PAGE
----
ETFE roof panels inspired by a camera aperture

November 1st, 2017 / By: / Case Studies, Exteriors

The Mercedes-Benz Stadium roof is designed to be anything but conventional: in the open or closed position, it provides sculptural appeal. Photo: Mercedes-Benz Stadium.

On Aug. 26, Atlanta, Ga., fans got to try out the new Mercedes-Benz Stadium for the first time when the Falcons hosted the Arizona Cardinals in a preseason NFL game. The two-million-square-foot facility accommodates 71,000 fans for football games and can expand to 75,000 seats for marquee events.

Designed by HOK, a global design, architecture, engineering and planning firm, the $1.5 billion stadium is a state-of-the-art facility, featuring a 360-degree halo video board and a 16-story “window to the city” that draws in daylight and offers floor-to-ceiling views of the downtown Atlanta skyline.

Another innovation is the stadium’s retractable roof. Instead of conventional sliding panels that offer little aesthetic value, the roof has a sculptural design that opens and closes like a camera aperture. A nod to the shape of a falcon’s wing, the semi-transparent roof consists of eight triangular ETFE (ethylene tetrafluoroethylene) panels that move in unison along 16 tracks. More than 143,500 square feet of ETFE “pillows” are used in the wing-like petals alone. In the closed position, they lock together to form a watertight seal. The ETFE facade features angular, wing-like exterior sections as a continuation of the roof.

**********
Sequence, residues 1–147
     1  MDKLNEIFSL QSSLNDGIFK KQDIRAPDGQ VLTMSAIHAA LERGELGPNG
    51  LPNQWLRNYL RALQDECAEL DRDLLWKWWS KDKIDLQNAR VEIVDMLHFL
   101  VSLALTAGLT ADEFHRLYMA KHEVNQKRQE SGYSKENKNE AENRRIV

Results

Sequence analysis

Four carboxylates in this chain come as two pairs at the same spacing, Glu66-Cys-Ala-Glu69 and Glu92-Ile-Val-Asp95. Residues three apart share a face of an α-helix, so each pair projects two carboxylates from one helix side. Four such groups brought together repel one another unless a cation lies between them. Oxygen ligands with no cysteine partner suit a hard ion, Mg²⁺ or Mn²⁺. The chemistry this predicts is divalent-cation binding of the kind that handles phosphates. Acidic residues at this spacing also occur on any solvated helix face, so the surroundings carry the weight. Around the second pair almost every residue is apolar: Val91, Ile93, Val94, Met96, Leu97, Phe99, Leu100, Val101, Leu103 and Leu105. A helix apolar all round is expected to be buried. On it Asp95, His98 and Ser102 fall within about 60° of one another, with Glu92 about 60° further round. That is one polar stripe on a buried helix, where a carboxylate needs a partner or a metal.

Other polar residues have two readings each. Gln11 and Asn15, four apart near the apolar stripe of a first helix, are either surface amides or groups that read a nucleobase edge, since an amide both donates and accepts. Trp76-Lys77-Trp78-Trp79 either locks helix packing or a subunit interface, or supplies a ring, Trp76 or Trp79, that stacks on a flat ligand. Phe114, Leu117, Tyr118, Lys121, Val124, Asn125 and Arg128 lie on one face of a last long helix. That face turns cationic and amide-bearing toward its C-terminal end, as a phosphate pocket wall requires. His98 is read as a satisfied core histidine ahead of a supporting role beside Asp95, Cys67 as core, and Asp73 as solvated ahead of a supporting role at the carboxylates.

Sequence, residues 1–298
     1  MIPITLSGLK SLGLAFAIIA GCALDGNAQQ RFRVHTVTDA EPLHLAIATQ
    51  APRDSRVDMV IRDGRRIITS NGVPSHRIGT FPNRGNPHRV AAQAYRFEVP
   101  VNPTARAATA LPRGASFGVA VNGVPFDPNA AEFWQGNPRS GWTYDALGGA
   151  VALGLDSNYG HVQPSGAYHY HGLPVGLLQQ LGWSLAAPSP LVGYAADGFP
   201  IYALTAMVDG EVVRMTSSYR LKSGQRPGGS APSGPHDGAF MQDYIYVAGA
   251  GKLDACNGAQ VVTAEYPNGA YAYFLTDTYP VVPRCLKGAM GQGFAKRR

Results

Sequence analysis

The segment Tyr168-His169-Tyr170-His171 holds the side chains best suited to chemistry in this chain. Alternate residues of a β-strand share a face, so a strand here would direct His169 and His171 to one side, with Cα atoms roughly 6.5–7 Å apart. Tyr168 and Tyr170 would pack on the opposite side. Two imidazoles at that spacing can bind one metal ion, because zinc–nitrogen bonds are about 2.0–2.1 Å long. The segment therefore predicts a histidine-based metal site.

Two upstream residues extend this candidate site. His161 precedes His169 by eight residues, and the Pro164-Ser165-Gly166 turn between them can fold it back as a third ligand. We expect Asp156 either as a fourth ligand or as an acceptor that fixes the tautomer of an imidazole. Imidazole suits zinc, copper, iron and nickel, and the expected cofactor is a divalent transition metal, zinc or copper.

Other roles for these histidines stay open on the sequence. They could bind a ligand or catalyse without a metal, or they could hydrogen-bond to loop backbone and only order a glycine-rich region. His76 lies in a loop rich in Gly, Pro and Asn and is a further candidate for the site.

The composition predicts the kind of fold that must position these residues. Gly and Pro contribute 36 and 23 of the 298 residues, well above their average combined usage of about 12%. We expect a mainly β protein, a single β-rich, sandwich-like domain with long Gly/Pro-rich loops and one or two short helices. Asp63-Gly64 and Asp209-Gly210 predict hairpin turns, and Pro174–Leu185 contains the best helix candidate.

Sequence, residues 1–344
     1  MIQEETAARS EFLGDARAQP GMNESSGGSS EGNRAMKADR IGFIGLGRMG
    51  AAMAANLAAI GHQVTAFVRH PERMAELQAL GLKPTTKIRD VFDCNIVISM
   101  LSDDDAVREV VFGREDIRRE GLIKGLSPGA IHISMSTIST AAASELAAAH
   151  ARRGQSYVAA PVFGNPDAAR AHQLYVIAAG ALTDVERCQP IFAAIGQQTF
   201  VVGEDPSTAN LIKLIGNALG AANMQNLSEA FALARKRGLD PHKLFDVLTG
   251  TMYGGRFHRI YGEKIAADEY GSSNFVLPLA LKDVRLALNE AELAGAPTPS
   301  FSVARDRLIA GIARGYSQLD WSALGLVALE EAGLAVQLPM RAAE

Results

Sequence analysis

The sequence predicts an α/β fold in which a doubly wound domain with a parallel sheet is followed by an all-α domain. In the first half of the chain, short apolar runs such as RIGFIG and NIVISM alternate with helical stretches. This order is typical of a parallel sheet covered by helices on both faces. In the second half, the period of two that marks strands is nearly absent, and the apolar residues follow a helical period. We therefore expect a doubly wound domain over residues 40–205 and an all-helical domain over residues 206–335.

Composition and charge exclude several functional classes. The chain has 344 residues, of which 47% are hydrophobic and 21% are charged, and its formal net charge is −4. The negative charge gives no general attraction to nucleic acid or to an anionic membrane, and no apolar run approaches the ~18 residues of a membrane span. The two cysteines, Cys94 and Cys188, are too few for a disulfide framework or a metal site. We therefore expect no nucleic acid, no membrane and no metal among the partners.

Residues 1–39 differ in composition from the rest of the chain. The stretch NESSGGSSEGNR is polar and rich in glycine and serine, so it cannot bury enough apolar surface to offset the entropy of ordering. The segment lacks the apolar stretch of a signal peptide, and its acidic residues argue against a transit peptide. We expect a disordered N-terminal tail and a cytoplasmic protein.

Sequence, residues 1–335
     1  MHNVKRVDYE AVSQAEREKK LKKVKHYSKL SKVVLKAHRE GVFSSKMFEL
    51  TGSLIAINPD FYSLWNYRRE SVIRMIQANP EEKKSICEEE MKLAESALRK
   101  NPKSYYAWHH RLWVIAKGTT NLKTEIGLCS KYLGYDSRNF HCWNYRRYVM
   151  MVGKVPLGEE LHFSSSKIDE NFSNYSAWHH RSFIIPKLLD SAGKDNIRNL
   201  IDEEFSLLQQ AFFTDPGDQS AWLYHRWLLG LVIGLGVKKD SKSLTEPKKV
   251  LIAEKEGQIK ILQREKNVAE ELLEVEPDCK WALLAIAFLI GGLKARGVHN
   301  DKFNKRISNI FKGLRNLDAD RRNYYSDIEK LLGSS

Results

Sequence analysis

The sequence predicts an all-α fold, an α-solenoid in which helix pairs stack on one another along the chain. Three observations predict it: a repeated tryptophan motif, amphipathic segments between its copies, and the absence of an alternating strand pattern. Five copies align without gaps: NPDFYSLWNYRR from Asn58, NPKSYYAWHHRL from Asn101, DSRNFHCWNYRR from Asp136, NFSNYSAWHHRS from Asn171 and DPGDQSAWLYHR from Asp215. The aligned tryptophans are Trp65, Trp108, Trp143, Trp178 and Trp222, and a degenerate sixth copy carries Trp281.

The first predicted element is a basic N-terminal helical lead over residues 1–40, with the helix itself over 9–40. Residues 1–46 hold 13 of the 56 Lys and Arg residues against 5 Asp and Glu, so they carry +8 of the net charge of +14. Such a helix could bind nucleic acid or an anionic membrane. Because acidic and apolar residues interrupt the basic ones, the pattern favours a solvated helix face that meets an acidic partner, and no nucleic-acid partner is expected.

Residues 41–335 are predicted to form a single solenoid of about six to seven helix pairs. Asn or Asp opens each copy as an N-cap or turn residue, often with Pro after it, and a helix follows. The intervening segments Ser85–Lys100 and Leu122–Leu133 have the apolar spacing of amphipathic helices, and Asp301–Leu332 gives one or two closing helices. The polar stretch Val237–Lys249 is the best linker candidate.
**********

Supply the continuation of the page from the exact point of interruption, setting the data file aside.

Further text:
Wrapping the perimeter of the oval-shaped roof, the halo video board gives fans an immersive, theater-in-the-round experience that is three times larger than any other video display in the NFL. For more information, visit www.hok.com.

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